The Tokyo Olympics Athletics Olympics village will have cardboard beds for environmental sustainability. (Photo Credit: Getty Images)
Tokyo Olympic athletes beware, particularly larger ones. The bed frames in the Athletes Village at this year's Olympics will be made of cardboard. Sturdy cardboard. "Those beds can stand up to 200 kilograms," explained Takashi Kitajima, the general manager of the Athletes Village, speaking through an interpreter. That's about 440 pounds, and surely no Olympic athlete weighs that much. "They are stronger than wooden beds," Kitajima added. He also took into account the possibility of a wild room celebration after, say, a gold-medal victory.
"Of course, wood and cardboard would each break if you jumped on them," he said. The single bed frames will be recycled into paper products after the games. The mattress componentsthe mattresses are not made of cardboard will be recycled into plastic products. The mattress is broken up into three distinct sections, and the firmness of each can be adjusted. The idea was to use materials that could be remade after the Olympics and Paralympics. But the cardboard frames and supports should give the rooms a spartan look.
Organizers showed off the beds and a few other furnishings on Thursday at their headquarters. The entire Athletes Village complex will be completed in June. The Olympics open on July 24 followed by the Paralympics on Aug. 25. "The organizing committee was thinking about recyclable items, and the bed was one of the ideas," Kitajima explained, crediting local Olympic sponsor Airweave Inc. for the execution. Organizers say this is the first time that the beds and bedding in the Athletes Village have been made of renewable materials.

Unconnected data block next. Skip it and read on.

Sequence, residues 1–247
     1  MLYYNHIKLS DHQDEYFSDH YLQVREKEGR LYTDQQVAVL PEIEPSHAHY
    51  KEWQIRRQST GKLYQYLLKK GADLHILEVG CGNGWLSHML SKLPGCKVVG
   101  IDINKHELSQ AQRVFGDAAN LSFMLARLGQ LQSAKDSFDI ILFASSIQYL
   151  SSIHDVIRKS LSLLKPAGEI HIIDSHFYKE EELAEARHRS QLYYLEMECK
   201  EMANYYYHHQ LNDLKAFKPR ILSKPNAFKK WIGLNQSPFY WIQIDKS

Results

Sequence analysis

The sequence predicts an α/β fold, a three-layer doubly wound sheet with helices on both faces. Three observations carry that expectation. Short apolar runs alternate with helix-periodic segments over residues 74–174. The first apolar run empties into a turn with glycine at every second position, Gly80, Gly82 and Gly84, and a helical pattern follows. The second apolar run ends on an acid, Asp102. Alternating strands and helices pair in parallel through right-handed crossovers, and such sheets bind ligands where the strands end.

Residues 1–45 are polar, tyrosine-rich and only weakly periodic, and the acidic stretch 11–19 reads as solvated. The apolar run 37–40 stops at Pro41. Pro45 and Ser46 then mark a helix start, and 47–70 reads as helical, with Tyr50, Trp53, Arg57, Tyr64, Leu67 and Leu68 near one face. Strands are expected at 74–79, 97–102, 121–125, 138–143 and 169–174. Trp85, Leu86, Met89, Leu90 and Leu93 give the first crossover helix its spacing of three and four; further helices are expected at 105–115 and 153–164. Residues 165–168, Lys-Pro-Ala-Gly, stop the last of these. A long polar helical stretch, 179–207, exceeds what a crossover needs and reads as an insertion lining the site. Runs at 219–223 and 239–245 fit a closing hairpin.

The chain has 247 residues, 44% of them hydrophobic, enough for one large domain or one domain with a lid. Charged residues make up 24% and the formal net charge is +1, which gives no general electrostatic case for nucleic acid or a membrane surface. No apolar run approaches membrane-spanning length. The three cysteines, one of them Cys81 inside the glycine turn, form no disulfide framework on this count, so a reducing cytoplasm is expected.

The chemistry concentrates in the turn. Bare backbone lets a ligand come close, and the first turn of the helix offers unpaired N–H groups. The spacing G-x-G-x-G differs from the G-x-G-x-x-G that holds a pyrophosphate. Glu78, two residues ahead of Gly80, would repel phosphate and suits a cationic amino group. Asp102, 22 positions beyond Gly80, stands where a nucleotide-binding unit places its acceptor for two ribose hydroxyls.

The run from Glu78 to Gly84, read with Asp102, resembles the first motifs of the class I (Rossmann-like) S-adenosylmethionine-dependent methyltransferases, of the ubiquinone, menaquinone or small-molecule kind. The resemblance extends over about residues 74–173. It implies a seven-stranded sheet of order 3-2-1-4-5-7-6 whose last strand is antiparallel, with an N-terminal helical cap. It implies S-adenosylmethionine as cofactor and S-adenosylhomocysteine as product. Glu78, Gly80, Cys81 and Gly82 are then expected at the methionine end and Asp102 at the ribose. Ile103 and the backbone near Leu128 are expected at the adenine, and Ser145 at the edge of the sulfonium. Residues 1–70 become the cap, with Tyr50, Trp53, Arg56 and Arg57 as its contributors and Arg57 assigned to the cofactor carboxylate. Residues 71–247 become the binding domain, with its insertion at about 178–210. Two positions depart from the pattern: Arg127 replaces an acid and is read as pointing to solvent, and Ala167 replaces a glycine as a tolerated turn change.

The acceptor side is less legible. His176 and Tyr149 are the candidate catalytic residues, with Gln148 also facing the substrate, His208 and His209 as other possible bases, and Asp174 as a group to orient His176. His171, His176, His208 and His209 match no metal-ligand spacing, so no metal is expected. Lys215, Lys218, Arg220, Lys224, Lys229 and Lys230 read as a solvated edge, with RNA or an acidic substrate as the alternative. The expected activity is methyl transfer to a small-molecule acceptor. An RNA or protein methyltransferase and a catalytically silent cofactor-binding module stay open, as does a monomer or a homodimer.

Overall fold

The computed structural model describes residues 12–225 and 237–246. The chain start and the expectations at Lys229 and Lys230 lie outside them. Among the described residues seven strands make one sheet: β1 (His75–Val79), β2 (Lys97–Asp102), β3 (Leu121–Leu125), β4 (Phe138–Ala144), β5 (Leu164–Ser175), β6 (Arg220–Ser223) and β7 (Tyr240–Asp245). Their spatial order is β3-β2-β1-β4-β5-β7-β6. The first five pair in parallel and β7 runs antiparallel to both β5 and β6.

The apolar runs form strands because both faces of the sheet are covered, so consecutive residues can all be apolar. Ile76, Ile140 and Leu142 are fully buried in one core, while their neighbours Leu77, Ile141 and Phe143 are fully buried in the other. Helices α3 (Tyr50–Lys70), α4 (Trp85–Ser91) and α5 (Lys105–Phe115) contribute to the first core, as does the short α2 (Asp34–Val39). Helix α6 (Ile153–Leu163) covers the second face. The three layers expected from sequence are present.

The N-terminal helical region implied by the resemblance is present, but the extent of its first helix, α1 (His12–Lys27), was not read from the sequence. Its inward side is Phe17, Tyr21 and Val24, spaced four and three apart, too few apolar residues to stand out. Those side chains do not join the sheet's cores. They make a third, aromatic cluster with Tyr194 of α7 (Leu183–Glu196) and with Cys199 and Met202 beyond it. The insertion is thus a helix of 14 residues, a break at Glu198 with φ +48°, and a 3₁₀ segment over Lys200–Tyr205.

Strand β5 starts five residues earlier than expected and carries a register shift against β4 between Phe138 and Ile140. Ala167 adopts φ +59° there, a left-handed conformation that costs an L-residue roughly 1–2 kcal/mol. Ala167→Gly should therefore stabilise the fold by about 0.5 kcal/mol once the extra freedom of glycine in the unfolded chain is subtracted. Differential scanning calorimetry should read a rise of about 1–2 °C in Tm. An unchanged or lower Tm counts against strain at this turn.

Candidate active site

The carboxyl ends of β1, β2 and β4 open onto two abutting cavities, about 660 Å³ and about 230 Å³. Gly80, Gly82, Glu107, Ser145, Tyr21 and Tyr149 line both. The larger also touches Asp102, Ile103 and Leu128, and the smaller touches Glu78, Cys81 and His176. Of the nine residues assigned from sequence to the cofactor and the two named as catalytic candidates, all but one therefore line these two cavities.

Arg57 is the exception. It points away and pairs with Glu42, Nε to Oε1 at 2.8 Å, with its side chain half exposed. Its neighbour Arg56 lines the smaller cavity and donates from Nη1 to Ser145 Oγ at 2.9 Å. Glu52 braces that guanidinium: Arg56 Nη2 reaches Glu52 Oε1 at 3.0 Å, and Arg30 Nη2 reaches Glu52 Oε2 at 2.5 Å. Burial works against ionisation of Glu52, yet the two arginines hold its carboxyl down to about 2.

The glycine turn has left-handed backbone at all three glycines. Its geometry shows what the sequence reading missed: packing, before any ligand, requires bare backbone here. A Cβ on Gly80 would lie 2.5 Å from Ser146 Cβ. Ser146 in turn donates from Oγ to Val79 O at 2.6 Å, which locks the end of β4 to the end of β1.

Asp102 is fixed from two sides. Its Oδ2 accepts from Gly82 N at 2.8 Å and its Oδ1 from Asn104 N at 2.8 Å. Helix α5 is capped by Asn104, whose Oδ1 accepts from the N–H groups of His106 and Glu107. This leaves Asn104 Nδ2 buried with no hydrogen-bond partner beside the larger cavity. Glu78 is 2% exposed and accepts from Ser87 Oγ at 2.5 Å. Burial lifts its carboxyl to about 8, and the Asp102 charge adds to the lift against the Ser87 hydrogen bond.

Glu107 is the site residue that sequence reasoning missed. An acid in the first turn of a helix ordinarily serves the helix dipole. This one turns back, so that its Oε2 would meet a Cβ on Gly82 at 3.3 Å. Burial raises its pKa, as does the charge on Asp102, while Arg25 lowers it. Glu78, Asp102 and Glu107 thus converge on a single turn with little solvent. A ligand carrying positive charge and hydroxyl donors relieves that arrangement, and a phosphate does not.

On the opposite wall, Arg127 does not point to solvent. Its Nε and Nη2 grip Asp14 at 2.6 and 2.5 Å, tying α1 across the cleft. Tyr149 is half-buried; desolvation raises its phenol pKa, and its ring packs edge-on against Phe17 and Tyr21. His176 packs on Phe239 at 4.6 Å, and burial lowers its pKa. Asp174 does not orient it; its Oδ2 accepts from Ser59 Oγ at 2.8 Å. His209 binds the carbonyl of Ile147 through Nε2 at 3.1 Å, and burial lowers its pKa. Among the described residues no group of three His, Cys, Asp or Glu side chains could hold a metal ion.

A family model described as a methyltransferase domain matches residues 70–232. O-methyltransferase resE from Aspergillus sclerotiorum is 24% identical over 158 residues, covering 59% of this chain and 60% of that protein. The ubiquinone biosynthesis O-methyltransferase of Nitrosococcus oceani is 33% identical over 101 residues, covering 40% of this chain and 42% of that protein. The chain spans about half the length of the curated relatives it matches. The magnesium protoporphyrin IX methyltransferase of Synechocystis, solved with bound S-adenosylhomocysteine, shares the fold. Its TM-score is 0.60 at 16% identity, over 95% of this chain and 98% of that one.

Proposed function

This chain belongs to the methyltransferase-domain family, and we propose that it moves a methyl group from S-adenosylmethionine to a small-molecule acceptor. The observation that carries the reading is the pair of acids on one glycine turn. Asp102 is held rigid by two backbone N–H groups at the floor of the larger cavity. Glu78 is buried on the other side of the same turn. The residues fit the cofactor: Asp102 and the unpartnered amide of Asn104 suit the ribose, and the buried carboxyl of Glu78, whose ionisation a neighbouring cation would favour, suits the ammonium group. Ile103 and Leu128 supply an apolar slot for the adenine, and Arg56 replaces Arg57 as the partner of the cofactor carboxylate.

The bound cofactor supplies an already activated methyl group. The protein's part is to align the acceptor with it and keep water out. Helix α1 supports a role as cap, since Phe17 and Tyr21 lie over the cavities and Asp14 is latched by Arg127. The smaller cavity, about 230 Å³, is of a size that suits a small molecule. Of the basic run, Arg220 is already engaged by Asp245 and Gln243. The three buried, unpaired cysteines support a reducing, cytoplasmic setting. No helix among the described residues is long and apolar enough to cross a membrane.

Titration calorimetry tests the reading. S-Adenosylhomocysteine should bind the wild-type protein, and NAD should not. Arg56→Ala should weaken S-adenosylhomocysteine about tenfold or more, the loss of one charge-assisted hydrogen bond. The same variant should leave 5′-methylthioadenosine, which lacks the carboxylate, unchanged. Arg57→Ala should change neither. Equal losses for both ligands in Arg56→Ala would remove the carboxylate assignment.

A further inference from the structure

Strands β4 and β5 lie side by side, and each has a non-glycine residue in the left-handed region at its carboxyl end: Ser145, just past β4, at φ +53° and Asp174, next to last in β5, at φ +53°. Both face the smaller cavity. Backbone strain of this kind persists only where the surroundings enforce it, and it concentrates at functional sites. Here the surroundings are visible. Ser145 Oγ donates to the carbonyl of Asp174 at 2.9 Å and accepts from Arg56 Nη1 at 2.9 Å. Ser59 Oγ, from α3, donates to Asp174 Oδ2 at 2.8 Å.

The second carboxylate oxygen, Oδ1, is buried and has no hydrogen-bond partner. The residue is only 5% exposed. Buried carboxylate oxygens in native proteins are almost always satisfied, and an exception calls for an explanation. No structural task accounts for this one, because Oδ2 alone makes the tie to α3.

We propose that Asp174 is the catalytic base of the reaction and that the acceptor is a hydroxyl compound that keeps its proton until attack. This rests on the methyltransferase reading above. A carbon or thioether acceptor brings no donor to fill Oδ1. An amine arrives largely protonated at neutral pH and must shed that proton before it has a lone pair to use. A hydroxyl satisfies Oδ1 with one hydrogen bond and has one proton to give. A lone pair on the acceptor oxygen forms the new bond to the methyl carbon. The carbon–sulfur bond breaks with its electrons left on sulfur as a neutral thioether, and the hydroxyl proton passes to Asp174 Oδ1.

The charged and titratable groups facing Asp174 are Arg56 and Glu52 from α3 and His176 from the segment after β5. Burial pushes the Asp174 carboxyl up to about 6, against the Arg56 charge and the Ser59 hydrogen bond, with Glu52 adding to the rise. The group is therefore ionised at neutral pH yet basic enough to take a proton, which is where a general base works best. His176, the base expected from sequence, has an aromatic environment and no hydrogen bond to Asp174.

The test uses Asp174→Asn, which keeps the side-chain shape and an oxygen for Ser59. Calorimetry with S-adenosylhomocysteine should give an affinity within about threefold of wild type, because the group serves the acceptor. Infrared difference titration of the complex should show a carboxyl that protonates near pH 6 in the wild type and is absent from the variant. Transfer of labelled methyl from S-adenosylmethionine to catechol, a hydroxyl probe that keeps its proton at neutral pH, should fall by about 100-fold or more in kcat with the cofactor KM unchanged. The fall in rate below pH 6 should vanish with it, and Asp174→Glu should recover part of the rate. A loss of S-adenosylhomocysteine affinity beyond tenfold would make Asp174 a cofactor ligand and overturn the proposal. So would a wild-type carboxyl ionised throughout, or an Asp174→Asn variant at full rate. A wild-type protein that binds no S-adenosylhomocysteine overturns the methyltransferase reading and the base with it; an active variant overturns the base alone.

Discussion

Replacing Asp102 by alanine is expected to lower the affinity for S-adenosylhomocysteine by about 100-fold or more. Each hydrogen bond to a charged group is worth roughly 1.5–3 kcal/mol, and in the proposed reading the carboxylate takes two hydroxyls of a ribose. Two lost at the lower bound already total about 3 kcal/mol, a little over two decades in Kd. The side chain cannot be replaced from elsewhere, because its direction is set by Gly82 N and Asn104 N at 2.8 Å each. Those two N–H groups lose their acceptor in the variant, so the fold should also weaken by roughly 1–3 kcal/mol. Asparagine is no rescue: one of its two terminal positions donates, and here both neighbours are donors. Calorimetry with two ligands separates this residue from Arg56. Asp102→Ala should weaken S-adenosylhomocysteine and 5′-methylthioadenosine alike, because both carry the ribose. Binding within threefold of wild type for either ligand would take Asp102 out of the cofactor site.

The Athletes Village being built alongside Tokyo Bay will comprise 18,000 beds for the Olympics and be composed to 21 apartment towers. Even more building construction is being planned in the next several years. Real estate ads say the units will be sold off afterward, or rented, with sale prices starting from about 54 million yen or about USD 500,000 and soaring to three or four times that much. Some fear the apartments will flood the market, possibly impacting property values.
The units will be sold off by various real estate companies. Ads suggest many of the units will be slightly larger than a typical apartment in Tokyo, which is about 60-70 square meters or 650-750 square feet.
The Tokyo 2020 Olympics are expected to cost some 1.35 trillion yen (USD 12.6 billion), organisers said Friday, unveiling a final budget showing increased revenue balancing out extra costs including countermeasures against heat. However, officials admitted the budget does not yet include an estimated three billion yen for moving the marathon and race walk north to Sapporo, as they wrangle with the International Olympic Committee (IOC) over who bears the cost.
Tokyo Olympics will cost 1.35 trillion yen while there is a 27-billion yen contingency plan. (Image credit: Getty Images)
Revenues from domestic sponsorship and robust ticket sales have increased income by 30 billion yen, according to the fourth and final version of the Olympic budget. This equals out a rise in forecast expenditure for items such as transport and security -- as well as the heat-busting measures. The overall 1.35-trillion-yen budget for the Games is unchanged since the last version of the budget unveiled last year.
There is also a 27-billion-yen "contingency" pot to deal with possible emergencies such as natural disasters. Organisers are still negotiating with the IOC over the cost of moving the marathon to the northern city of Sapporo due to the expected heat in the Tokyo summer. "This is an unprecedented matter so there are no procedures," explained Gakuji Ito, executive director for planning and finance at Tokyo 2020.